Contentum is the kind of album that you will utterly find impossible to sit through all the way on the first listen. Granted, each listen has eased me into their excellent music and taught me some tolerance for the vocals, but at the same time, it's a shame that it requires such effort to put aside the detracting vocals just to enjoy the music. With luck, Monika will rein herself in a bit on their next album and not come across as the pest.

Review by John Chedsey

Review date: 09/2000

Back to top 


Atrox - Binocular ©2008 Season of Mist
1. Retroglazed
2. No Coil for Tesla
3. Traces
4. Headrush Helmet
5. Filthmonger
6. Orgone
7. Tight Tie
8. Binocular
9. Castle of Thorns
10. Transportal

Atrox has spent much of their musical career treading water in the realm of avant-garde metal and unfortunately not gaining many fans along the way. Up until 2004, their efforts featured vocalist Monika Edvardsen, whose incredible range was matched only by her inability to restrain her talents within the contexts of the song. Atrox thought they were pushing envelopes, but instead, they were pushing people away. However, after the band's 2003 effort, Orgasm, Edvardsen left Atrox for whatever reason and the band was left to reinvent themselves. Rather than find another shrieking siren, Atrox turned to Rune FolgerÝ to fulfill the vocal position. The resulting retooled Atrox finally issued a new release called Binocular in 2008.

The difference between old Atrox and new is as stunning as night and day. First and foremost, Binocular is actually quite good. Their previous three releases often featured moments where discerning listeners might say, "Harumph, not bad, old sport" at various intriguing sections, but on the whole, Atrox was very difficult to sit through. Binocular rectifies that problem. Part of that reinvention can be credited to FolgerÝ's vocal approach. While Edvardsen had a striking range and no idea how to properly use it, FolgerÝ has a limited approach and somehow manages to deliver the lyrics with passion and conviction. It is without a doubt a case of doing much more with less. Musically, Atrox has moved into the "weirdo-metal" area, working with industrial aspects, layers of samples and electronic influences. However, the wall of guitar rhythms should dispell any concerns that the band is going to mimic, say, The Prodigy. Binocular is best experienced with headphones as the production is very textured and there are quite a few things going on in the background. And unlike many metal bands, Atrox has developed a strong sense of dynamics, giving Binocular a sonic edge.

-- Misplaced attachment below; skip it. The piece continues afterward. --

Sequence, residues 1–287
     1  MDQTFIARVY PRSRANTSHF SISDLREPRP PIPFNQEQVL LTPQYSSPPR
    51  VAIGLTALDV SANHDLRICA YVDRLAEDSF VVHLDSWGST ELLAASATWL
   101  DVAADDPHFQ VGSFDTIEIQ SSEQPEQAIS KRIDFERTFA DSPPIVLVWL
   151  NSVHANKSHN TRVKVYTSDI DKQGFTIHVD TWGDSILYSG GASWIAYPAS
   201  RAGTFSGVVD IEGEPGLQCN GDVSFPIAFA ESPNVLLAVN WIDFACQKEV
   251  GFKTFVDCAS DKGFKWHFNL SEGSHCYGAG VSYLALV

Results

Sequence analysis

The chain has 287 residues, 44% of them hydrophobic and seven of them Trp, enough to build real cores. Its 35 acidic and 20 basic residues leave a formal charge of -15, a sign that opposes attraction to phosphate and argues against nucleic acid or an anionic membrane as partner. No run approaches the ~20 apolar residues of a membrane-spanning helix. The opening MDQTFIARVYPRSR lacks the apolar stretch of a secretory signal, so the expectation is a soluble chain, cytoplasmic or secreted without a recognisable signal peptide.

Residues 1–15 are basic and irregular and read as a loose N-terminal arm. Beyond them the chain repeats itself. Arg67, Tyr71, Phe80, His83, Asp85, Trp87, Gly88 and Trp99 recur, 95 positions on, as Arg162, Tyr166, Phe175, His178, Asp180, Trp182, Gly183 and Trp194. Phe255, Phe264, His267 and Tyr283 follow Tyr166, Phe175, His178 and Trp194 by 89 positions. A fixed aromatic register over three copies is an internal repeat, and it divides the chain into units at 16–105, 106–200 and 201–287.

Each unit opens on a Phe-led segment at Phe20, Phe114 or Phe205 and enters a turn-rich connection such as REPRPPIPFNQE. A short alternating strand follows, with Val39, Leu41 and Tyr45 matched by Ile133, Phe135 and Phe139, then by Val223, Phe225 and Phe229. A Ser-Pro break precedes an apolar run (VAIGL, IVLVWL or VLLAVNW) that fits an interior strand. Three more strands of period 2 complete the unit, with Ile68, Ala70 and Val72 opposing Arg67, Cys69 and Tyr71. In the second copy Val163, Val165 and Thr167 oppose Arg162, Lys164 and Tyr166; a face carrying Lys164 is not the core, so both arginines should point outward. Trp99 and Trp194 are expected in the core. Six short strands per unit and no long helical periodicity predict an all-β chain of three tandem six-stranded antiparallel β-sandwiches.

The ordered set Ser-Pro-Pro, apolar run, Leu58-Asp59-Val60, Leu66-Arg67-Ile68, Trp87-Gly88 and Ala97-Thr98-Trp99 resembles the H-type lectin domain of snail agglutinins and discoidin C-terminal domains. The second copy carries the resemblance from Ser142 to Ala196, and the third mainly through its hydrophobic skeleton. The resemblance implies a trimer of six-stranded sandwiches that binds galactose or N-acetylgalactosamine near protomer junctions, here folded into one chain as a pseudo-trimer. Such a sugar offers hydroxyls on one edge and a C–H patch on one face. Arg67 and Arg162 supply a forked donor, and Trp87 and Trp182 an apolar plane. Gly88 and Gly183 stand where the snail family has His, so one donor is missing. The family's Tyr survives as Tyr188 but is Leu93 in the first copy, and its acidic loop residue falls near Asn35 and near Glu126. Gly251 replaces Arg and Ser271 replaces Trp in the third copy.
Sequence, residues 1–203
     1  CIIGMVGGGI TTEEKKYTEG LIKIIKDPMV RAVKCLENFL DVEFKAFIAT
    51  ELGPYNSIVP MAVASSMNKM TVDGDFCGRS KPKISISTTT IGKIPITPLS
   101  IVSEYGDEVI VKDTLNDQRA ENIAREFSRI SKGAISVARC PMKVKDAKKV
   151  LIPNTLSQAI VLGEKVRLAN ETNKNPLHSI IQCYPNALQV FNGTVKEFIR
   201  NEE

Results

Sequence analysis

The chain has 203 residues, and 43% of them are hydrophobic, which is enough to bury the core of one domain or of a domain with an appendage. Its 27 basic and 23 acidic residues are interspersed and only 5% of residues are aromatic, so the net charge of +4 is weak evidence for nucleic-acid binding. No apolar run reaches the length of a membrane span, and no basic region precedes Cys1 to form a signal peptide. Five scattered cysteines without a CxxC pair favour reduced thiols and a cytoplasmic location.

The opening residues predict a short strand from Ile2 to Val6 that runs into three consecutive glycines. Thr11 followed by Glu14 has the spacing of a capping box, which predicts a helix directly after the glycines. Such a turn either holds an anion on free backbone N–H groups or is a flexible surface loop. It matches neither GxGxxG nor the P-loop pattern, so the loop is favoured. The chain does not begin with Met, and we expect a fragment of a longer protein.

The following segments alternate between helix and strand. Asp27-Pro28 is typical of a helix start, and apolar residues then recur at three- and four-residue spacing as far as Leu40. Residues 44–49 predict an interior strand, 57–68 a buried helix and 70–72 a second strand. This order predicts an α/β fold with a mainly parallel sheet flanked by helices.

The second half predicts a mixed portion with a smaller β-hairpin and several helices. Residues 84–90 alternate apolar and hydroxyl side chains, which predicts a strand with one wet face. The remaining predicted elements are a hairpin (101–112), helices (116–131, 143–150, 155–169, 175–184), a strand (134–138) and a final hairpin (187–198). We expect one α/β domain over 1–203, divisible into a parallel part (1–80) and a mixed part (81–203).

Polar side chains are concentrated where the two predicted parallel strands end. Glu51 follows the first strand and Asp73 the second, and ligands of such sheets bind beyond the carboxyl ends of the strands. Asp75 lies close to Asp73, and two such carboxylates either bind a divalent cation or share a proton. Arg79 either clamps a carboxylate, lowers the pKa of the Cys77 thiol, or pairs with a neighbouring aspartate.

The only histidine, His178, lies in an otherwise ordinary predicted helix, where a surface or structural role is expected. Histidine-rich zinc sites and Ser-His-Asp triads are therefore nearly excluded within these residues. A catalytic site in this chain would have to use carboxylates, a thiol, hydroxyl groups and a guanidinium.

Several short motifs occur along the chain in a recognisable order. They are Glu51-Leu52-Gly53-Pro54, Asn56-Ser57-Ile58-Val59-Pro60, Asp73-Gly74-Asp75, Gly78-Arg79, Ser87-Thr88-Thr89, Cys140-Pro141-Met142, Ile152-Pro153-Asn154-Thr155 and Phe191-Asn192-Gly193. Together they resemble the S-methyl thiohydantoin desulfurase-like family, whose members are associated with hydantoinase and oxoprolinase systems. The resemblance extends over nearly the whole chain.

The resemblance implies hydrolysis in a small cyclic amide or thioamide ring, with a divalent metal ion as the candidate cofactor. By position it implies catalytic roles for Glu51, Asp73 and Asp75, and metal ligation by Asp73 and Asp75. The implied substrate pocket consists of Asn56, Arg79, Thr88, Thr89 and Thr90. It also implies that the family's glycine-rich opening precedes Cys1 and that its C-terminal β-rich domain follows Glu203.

Atrox has moved away from a style that was difficult to endure and have thoroughly reinvented themselves in a refreshing manner. Their sound dwells roughly in the same area as Solefald, except featuring real songwriting skill. In fact, I probably shouldn't compare them to Solefald at all, because that's just mean.

Review by John Chedsey

Review date: 08/2009

Back to top